The Z3, the first fully operational electromechanical computer, was partially financed by German government-supported DVL, which wanted their extensive calculations automated. A request by his co-worker Helmut Schreyer—who had helped Zuse build the Z3 prototype in 1938—for government funding for an electronic successor to the Z3 was denied as "strategically unimportant".
In 1937, Schreyer had advised Zuse to use vacuum tubes as switching elements; Zuse at this time considered it a crazy idea ("Schnapsidee" in his own words). Zuse's workshop on Methfesselstraße 7 (with the Z3) was destroyed in an Allied Air raid in late 1943 and the parental flat with Z1 and Z2 on 30 January the following year, whereas the successor Z4, which Zuse had begun constructing in 1942 in new premises in the Industriehof on Oranienstraße 6, remained intact. On 3 February 1945, aerial bombing caused devastating destruction in the Luisenstadt, the area around Oranienstraße, including neighbouring houses. This event effectively brought Zuse's research and development to a complete halt. The partially finished, relay-based Z4 was packed and moved from Berlin on 14 February, only arriving in Göttingen two weeks later.
Work on the Z4 could not be resumed immediately in the extreme privation of post-war Germany, and it was not until 1949 that he was able to resume work on it. He showed it to the mathematician Eduard Stiefel of the Swiss Federal Institute of Technology Zurich (Eidgenössische Technische Hochschule (ETH) Zürich) who ordered one in 1950. On 8 November 1949, Zuse KG was founded. The Z4 was delivered to ETH Zurich on 12 July 1950, and proved very reliable.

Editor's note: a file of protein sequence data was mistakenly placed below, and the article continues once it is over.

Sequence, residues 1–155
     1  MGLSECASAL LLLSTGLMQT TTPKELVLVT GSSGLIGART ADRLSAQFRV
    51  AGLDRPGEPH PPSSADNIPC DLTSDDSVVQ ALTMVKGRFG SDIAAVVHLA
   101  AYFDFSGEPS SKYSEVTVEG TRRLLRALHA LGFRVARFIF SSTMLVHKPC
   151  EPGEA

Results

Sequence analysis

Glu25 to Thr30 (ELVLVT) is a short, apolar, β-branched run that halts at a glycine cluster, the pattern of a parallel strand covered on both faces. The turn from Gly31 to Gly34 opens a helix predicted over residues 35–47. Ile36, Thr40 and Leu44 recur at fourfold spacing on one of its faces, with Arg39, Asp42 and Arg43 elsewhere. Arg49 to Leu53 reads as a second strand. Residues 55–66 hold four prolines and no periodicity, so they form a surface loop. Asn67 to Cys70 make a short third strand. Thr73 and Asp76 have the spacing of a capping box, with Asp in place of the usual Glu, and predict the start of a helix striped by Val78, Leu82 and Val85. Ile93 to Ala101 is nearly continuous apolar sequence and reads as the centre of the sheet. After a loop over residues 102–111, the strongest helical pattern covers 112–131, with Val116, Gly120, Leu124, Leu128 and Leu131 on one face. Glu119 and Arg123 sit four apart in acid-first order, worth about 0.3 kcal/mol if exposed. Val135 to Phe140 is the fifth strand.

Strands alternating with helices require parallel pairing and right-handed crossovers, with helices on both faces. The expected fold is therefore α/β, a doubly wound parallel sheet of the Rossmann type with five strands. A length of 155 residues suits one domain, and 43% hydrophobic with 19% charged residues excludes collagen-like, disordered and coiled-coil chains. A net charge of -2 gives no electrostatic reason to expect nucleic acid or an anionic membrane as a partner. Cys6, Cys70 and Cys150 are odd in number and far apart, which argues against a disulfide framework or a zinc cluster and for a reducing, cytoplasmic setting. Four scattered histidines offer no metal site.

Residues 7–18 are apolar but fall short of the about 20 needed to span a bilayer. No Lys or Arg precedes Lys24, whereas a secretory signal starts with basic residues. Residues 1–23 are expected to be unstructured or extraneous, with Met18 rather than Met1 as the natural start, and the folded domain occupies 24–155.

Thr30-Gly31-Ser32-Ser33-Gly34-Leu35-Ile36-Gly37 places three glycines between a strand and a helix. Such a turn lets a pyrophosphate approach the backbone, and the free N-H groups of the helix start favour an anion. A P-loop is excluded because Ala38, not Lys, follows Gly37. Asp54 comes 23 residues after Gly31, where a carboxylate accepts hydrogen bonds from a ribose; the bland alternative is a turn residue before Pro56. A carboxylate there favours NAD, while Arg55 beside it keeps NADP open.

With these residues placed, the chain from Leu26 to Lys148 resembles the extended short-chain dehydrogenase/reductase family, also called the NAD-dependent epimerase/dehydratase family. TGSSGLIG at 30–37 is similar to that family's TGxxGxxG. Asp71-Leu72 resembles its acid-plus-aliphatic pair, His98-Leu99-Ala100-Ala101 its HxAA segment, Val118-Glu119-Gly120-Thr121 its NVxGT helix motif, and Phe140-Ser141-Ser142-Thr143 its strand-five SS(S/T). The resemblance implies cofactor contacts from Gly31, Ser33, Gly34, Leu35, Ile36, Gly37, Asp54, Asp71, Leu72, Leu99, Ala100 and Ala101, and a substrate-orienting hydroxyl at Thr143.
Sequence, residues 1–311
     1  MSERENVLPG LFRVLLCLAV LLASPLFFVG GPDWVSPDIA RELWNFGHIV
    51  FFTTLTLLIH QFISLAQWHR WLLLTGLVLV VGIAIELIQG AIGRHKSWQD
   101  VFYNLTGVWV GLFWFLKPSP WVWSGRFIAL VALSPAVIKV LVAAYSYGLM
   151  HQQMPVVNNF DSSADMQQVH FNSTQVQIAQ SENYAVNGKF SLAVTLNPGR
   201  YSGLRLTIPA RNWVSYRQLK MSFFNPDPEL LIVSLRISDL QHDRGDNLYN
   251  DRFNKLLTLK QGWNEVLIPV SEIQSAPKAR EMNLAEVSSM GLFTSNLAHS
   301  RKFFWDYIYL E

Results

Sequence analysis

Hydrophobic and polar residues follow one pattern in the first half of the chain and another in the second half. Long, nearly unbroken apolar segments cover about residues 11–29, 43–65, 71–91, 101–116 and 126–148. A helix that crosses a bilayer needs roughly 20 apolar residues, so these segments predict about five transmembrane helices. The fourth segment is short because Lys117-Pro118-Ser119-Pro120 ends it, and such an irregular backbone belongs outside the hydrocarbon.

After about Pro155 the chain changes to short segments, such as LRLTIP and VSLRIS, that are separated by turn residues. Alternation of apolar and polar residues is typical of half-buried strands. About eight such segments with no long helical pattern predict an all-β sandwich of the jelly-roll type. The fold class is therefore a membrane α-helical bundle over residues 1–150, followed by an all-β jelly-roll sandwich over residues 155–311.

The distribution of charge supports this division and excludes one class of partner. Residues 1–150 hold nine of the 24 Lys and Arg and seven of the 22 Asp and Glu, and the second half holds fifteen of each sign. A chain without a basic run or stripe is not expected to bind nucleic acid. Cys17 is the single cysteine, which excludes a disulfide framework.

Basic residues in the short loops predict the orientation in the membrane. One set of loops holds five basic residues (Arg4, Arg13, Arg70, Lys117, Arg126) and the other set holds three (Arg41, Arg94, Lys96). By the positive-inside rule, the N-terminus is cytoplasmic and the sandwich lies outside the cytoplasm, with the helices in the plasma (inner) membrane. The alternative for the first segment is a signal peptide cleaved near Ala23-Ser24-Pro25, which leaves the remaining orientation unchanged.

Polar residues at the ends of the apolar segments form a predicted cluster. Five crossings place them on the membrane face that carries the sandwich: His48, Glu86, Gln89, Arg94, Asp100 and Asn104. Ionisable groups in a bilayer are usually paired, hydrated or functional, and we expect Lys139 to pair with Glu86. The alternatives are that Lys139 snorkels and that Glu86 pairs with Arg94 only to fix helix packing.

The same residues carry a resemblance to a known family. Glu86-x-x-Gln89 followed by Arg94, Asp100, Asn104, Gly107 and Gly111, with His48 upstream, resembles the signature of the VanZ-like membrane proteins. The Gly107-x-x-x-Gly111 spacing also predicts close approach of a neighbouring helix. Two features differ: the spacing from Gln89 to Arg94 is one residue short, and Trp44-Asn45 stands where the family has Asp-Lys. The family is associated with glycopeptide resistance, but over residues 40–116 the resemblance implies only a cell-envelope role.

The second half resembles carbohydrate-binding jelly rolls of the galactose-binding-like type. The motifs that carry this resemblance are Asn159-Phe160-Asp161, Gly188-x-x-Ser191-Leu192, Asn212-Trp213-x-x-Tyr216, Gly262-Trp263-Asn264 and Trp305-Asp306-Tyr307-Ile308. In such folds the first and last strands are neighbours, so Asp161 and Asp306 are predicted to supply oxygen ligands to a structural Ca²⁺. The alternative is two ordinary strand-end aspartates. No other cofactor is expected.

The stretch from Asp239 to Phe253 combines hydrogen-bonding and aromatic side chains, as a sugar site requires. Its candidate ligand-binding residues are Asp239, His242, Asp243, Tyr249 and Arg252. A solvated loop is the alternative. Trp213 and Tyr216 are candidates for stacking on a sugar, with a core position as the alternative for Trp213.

In 1940, the German government began funding him through the Aerodynamische Versuchsanstalt (AVA, Aerodynamic Research Institute, forerunner of the DLR), which used his work for the production of glide bombs. Zuse built the S1 and S2 computing machines, which were special purpose devices which computed aerodynamic corrections to the wings of radio-controlled flying bombs. The S2 featured an integrated analog-to-digital converter under program control, making it the first process-controlled computer.
These machines contributed to the Henschel Werke Hs 293 and Hs 294 guided missiles developed by the German military between 1941 and 1945, which were the precursors to the modern cruise missile. The circuit design of the S1 was the predecessor of Zuse's Z11. Zuse believed that these machines had been captured by occupying Soviet troops in 1945.